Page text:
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Vaginal intraepithelial neoplasia

Updated: 2016-07-03T17:18Z
Vaginal intraepithelial neoplasia
Classification and external resources
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Patient UKVaginal intraepithelial neoplasia
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Vaginal intraepithelial neoplasia (VAIN) is a condition that describes premalignant histological findings in the vagina characterized by dysplastic changes.[1]

The disorder is rare and generally has no symptoms.[2] VAIN can be detected by the presence of abnormal cells in a Papanicolaou test (Pap smear).[2]

Like cervical intraepithelial neoplasia, VAIN comes in three stages, VAIN 1, 2, and 3.[3] In VAIN 1, a third of the thickness of the cells in the vaginal skin are abnormal, while in VAIN 3, the full thickness is affected.[3] VAIN 3 is also known as carcinoma in-situ, or stage 0 vaginal cancer.[3]

Infection with certain types of the human papillomavirus ("high-risk types") may be associated with up to 80% of cases of VAIN.[4] Vaccinating girls with HPV vaccine before initial sexual contact has been shown to reduce incidence of VAIN.[5]

One study found that most cases of VAIN were located in the upper third of the vagina, and were multifocal.[6] In the same study, 65 and 10% patients with VAIN also had cervical intraepithelial neoplasia and vulvar intraepithelial neoplasia, respectively.[6]

In another study, most cases of VAIN went into remission after a single treatment, but about 5% of the cases studied progressed into a more serious condition despite treatment.[7]


  1. ^ Rapini, Ronald P.; Bolognia, Jean L.; Jorizzo, Joseph L. (2007). Dermatology: 2-Volume Set. St. Louis: Mosby. p. 1192. ISBN 1-4160-2999-0.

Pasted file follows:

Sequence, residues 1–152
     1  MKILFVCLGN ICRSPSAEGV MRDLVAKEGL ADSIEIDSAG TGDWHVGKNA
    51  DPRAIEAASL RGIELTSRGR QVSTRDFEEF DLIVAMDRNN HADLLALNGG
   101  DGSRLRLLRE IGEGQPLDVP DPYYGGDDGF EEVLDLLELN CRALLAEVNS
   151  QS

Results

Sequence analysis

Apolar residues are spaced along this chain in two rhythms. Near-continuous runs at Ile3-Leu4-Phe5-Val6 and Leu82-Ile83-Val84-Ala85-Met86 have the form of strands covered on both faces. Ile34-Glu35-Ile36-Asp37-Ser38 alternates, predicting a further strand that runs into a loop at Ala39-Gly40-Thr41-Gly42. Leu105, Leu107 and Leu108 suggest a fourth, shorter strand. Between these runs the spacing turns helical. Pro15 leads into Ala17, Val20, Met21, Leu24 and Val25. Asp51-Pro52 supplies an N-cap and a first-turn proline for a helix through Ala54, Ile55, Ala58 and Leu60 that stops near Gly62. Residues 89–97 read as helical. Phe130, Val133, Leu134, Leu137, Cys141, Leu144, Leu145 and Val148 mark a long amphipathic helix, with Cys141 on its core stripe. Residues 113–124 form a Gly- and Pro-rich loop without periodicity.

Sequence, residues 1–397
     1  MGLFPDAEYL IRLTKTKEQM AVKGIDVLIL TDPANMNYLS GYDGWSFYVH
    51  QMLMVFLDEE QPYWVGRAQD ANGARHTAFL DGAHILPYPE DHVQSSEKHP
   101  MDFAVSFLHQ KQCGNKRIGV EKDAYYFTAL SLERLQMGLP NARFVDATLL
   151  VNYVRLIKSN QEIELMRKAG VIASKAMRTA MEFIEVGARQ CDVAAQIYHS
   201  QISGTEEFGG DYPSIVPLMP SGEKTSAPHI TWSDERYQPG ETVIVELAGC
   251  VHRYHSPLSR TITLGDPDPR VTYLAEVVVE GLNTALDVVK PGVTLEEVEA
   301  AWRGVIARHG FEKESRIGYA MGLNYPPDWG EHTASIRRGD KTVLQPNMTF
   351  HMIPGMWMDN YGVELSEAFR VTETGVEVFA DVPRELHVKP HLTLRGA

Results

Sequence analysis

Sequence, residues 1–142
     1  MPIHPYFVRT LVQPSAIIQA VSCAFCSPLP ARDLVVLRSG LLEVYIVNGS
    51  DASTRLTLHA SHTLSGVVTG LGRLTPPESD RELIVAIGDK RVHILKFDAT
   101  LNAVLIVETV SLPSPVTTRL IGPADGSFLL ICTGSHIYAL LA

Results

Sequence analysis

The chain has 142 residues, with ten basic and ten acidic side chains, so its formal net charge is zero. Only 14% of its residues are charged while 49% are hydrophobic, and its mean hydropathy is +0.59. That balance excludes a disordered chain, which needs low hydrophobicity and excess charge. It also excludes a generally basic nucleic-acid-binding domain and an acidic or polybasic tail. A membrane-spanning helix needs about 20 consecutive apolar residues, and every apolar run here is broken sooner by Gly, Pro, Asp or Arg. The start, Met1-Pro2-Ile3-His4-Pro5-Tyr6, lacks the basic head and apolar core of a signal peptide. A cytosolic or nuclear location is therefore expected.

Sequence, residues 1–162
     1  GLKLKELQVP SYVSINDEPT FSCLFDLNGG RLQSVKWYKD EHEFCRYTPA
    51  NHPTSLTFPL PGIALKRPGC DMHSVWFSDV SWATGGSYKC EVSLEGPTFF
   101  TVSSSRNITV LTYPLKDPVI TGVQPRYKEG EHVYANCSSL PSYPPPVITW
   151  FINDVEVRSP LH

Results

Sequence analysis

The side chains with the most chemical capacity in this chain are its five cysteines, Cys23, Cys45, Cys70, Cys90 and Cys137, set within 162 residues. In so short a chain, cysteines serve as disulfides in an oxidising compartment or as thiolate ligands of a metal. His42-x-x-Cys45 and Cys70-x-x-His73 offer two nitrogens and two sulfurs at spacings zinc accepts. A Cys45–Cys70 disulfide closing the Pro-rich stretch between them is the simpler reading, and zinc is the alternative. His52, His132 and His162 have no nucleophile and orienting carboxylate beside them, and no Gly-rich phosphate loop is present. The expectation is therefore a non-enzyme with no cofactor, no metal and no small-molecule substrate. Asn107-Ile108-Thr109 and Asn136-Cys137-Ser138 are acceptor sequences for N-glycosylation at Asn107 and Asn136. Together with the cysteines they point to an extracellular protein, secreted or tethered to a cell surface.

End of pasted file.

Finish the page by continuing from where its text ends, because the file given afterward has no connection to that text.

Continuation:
2. ^ a b Diakomanolis, E; Stefanidis, K; Rodolakis, A; Haidopoulos, D; Sindos, M; Chatzipappas, I; Michalas, S (2002). "Vaginal intraepithelial neoplasia: report of 102 cases.". European journal of gynaecological oncology. 23 (5): 457–9. PMID 12440826. 
  3. ^ a b c Cancer Research UK (2002). The stages of cancer of the vagina. CancerHelp UK. Retrieved January 3, 2008.
  4. ^ Cancer Research UK (2002). Risks and causes of vaginal cancer. CancerHelp UK. Retrieved January 3, 2008.
  5. ^ "FDA Approves Expanded Uses for Gardasil to Include Preventing Certain Vulvar and Vaginal Cancers". 2008-09-12. Retrieved 2010-02-13. 
  6. ^ a b Dodge, JA; Eltabbakh, GH; Mount, SL; Walker, RP; Morgan, A (2001). "Clinical features and risk of recurrence among patients with vaginal intraepithelial neoplasia.". Gynecologic Oncology. 83 (2): 363–9. PMID 11606098. doi:10.1006/gyno.2001.6401. 
  7. ^ Sillman, FH; Fruchter, RG; Chen, YS; Camilien, L; Sedlis, A; McTigue, E (1997). "Vaginal intraepithelial neoplasia: risk factors for persistence, recurrence, and invasion and its management.". American Journal of Obstetrics and Gynecology. 176 (1 Pt 1): 93–9. PMID 9024096. doi:10.1016/S0002-9378(97)80018-X. 

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